Vietnam is continuing its overhaul of the banking system by getting tough on serious financial crimes.
|Crackdown on cash crime, Source: BIDV |
As the country vows to clean up its banking industry, several high-ranking bankers have been prosecuted. In the latest case, Tran Bac Ha, former chairman of the state-owned Bank for Investment and Development of Vietnam (BIDV), was taken into custody by Vietnam’s Ministry of Public Security last Thursday, due to alleged violations of banking operations.
Along with Ha, three of his juniors at BIDV were also arrested: Tran Luc Lang, former senior executive vice president; Kieu Dinh Hoa, former head of BIDV Ha Tinh branch; and Le Thi Van Anh, former head of BIDV Ha Tinh branch’s corporate division.
Beginning working at the Binh Dinh branch of BIDV in 1981, Ha was appointed CEO in 2003 and subsequently became chairman in 2008. In 2016, Ha reached retirement age and resigned as chairman.
However, in 2013, rumours began to circulate on Vietnam’s stock market that he was arrested for helping out the ill-fated Southern Bank, which he vehemently denied as “groundless and foolish”. Although this rumour eventually died down, in 2014 Ha was once again embroiled in a fresh scandal regarding his involvement in the Pham Cong Danh saga.
Danh, former chairman of Vietnam Construction Bank and a prosecuted criminal, admitted that he took ah the assistance of BIDV’s board and then-chairman Ha. Rather than asking Danh for collateral, BIDV used its own assets to secure this massive loan, which was later used by Danh to set up bogus companies and commit other fraudulent activities.
The State Bank of Vietnam estimated that at least VND2.5 trillion ($108.7 million) was embezzled due to Danh’s wrongdoings. Rumours of Ha’s arrest re-emerged in 2017, before he was finally expelled from the Communist Party of Vietnam this June.
Following Ha’s arrest last week, BIDV issued a statement assuring clients and customers that everything is business as usual. “The issues related to the violations, which occurred some years ago of the above-mentioned individuals, have been proactively reported by BIDV to competent authorities. BIDV will continue to coordinate with the competent authorities to handle the case inaccordance with law.”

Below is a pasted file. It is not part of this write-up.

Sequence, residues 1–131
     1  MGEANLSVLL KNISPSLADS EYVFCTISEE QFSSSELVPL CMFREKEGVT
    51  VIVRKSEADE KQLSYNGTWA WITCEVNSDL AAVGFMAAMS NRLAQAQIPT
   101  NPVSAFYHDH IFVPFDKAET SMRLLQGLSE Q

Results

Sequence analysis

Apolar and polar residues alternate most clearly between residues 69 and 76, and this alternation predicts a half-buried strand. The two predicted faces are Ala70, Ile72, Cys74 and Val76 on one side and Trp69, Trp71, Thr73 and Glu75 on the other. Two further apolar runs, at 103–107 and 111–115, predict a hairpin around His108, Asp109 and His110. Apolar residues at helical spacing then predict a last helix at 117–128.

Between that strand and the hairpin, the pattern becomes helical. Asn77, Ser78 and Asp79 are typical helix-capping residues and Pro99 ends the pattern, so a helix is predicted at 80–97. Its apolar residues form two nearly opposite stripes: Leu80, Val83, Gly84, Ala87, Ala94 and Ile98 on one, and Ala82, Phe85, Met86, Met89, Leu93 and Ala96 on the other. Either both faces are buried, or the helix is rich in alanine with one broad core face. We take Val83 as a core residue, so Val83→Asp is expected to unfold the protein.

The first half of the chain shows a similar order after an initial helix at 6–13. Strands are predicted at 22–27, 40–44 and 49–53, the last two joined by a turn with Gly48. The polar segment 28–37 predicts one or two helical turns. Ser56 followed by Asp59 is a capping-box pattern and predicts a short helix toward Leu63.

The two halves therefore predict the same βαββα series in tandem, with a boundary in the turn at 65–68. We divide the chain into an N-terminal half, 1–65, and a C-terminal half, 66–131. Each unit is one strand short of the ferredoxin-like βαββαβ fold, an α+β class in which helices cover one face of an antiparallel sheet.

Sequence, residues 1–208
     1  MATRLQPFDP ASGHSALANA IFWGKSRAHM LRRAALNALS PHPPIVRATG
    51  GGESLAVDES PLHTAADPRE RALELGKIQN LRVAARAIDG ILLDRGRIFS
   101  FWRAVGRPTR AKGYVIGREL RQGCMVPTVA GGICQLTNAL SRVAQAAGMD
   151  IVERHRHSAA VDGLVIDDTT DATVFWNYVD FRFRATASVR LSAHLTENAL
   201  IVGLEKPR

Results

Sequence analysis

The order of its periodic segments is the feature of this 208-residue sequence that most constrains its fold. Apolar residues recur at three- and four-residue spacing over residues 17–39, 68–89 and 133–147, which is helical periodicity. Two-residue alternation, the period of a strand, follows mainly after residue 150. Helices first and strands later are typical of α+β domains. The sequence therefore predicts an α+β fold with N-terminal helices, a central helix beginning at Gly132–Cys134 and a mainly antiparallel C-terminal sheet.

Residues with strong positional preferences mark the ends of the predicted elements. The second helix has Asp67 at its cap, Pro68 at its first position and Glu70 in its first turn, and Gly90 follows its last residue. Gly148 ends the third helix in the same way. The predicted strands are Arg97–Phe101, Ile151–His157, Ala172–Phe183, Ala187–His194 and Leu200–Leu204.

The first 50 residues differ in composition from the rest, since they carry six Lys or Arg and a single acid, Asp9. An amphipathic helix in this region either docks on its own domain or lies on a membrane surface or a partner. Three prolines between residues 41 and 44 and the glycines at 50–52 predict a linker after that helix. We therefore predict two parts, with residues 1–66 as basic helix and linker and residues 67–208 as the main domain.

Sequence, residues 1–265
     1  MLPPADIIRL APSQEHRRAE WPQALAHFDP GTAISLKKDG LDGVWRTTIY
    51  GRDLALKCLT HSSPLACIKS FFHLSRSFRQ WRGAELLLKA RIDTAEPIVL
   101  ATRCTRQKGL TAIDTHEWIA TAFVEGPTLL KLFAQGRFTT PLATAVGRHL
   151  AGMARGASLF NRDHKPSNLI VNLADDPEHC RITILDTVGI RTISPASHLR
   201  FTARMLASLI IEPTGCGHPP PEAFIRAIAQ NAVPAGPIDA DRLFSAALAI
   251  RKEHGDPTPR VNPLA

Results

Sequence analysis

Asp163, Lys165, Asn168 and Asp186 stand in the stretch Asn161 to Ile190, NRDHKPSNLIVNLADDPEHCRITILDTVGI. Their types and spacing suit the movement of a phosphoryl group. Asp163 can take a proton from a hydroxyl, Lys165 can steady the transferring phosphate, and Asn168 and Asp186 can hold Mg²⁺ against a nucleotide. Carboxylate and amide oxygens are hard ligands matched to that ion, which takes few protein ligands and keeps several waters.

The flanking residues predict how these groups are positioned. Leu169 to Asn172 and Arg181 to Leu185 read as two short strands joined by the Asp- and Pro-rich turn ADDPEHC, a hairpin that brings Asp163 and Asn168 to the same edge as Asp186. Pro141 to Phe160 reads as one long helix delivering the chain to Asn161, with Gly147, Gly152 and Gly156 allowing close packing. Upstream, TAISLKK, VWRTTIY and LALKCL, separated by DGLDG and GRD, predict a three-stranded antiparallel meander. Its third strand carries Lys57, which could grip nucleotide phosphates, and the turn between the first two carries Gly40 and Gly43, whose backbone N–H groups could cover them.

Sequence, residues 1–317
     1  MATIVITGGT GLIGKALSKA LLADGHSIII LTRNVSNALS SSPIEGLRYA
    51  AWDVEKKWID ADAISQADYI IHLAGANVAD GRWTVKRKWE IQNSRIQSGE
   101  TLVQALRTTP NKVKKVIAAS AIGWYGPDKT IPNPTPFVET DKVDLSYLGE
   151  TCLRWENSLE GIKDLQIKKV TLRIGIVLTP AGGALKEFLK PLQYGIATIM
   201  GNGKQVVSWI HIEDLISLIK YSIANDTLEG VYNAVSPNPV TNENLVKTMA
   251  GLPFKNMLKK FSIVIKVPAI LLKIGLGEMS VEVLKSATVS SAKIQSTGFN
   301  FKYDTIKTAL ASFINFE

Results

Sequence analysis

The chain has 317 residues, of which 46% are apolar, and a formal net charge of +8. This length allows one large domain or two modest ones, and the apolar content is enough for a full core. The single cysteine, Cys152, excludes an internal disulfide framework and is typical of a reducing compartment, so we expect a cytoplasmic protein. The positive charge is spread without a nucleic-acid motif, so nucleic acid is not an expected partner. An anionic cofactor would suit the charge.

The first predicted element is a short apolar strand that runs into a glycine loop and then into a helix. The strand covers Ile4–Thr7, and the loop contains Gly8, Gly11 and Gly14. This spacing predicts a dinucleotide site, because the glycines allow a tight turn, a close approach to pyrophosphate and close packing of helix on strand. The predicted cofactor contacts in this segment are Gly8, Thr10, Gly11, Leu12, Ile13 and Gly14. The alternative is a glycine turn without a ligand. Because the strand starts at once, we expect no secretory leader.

The bank added that as the largest commercial bank in Vietnam, it will always maintain continuity and stability for businesses, regardless of Ha’s case. The arrest of Ha, and other former BIDV executives, is another milestone in Vietnam’s fight against financial wrongdoings.
Tram Be, former Southern Bank chairman, was a high-profile accomplice of Danh’s who was arrested in 2017. Be was accused of buying out Sacombank in order to transfer bad debts to the financial institution from Southern Bank.
Similar to Ha, Be also lent Danh VND1.8 trillion ($78.26 million) of Sacombank’s money. After Be’s imprisonment, Sacombank was able to recover the entirety of the loan.
As well as Pham Cong Danh’s associates, other bankers have also been prosecuted for subpar lending practices. Tran Phuong Binh, deputy CEO of Dong A Bank, for example, was able to withdrawn VND1.16 trillion ($50.4 million) from the bank for personal use. In this case, personal use included giving loans to the convicted businessman Phan Van Anh Vu. At least 26 people have so far stood trial for this case, including Binh, Vu, other Dong A Bank employees and senior leaders from Ho Chi Minh City and Danang.